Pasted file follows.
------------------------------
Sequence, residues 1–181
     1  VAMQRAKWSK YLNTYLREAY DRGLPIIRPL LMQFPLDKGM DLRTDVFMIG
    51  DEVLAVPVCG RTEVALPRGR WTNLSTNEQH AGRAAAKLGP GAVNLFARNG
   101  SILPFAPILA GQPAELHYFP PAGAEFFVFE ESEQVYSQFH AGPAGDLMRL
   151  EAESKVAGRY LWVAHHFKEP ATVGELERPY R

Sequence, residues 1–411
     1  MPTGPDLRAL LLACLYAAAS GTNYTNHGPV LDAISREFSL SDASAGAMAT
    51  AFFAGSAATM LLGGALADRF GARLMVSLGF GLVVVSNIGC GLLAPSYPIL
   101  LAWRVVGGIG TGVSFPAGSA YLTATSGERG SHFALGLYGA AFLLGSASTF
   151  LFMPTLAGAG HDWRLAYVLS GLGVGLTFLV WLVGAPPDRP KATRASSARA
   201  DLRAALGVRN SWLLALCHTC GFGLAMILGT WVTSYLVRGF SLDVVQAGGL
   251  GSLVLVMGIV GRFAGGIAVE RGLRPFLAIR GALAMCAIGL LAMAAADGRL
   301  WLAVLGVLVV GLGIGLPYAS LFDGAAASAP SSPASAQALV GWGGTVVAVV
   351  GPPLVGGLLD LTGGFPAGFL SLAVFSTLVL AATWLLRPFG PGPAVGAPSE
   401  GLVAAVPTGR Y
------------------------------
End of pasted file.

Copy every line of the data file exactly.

Sequence, residues 1–181
     1  VAMQRAKWSK YLNTYLREAY DRGLPIIRPL LMQFPLDKGM DLRTDVFMIG
    51  DEVLAVPVCG RTEVALPRGR WTNLSTNEQH AGRAAAKLGP GAVNLFARNG
   101  SILPFAPILA GQPAELHYFP PAGAEFFVFE ESEQVYSQFH AGPAGDLMRL
   151  EAESKVAGRY LWVAHHFKEP ATVGELERPY R

Sequence, residues 1–411
     1  MPTGPDLRAL LLACLYAAAS GTNYTNHGPV LDAISREFSL SDASAGAMAT
    51  AFFAGSAATM LLGGALADRF GARLMVSLGF GLVVVSNIGC GLLAPSYPIL
   101  LAWRVVGGIG TGVSFPAGSA YLTATSGERG SHFALGLYGA AFLLGSASTF
   151  LFMPTLAGAG HDWRLAYVLS GLGVGLTFLV WLVGAPPDRP KATRASSARA
   201  DLRAALGVRN SWLLALCHTC GFGLAMILGT WVTSYLVRGF SLDVVQAGGL
   251  GSLVLVMGIV GRFAGGIAVE RGLRPFLAIR GALAMCAIGL LAMAAADGRL
   301  WLAVLGVLVV GLGIGLPYAS LFDGAAASAP SSPASAQALV GWGGTVVAVV
   351  GPPLVGGLLD LTGGFPAGFL SLAVFSTLVL AATWLLRPFG PGPAVGAPSE
   401  GLVAAVPTGR Y